Unfortunately for some, including myself, interviewers are also looking for someone who is not smarter than they are or at least someone who doesn't trump their experience. If you do, then you're creating a job security fear or a work rivalry fear in the mind of the interviewer. This was and still is a very important lesson I've learned that gets thrown in my face every time I don't keep tabs on myself. Self awareness, honesty with oneself and the constant practice of introspection are all key.

An example: 99% of people in this world act out of fear or some gradation there of. In order to best understand people, you have to understand their fears, their insecurities and somehow get a glimpse into their self-esteem. If someone has a low self-esteem, it is very likely they are emotionally sensitive. If they are sensitive to what others say, that joke you just told could be a serious turn-off to them because they are in no state of mind to "hear" the joke. They put everything you say in the context of "Is this person saying something that might be infringing on my insecurities?". In other words, when you are insecure, you are always looking at what people say in the context of, is this an insult to me.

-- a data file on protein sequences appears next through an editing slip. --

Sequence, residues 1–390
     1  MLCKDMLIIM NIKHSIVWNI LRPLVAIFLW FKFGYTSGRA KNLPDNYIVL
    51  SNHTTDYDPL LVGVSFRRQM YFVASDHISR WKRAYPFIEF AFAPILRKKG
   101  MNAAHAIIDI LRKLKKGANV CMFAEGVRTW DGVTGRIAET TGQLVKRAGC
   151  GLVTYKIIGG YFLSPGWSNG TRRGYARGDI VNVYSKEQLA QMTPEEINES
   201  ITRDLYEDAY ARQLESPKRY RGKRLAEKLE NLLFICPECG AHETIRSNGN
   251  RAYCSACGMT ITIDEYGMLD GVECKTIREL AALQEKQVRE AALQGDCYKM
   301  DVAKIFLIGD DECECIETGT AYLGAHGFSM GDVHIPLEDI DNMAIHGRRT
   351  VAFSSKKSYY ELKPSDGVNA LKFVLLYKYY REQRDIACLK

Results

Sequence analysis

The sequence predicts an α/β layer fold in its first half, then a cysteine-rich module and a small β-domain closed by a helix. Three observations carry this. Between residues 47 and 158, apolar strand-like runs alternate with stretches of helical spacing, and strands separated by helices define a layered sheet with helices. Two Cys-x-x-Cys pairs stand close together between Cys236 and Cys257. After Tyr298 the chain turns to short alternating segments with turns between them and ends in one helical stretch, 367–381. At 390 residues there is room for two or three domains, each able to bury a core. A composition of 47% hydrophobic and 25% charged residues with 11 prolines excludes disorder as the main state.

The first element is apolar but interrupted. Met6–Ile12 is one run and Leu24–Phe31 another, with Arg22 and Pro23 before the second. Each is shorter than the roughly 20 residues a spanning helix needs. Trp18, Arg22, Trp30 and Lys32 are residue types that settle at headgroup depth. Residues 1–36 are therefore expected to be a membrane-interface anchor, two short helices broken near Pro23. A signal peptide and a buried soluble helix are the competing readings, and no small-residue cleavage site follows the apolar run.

Another example: Ones standards are a reflection of what is going on inside their head. And since we cannot read peoples minds, we have to infer as best we can from what we can see. In some cases, it is pretty easy to see what kind of standards people have because they wear it on the outside. The body we have and the way we carry ourselves is a reflection of our physical standards. If you're overweight, you smell, you look disheveled, if you dress poorly, if you're not self-aware of how you look when going into an interview than you're telling the other people around you that you lack a good physical standard by which you live your life. Believe me, you are telling them quite a bit more than this but let's stay on point. If the person interviewing you looks like this, then you need to understand, they lack a good physical standard or it is an extremely low priority for them. That being the case, you can probably surmise that it might be best not to talk about the fact that you workout or run a lot because that will most likely be a turn off to them. When you talk about this, you are just reminding them what they are not and don't have time to be or at least haven't made time for and believe me, they will not want you around on a daily basis making them feel bad.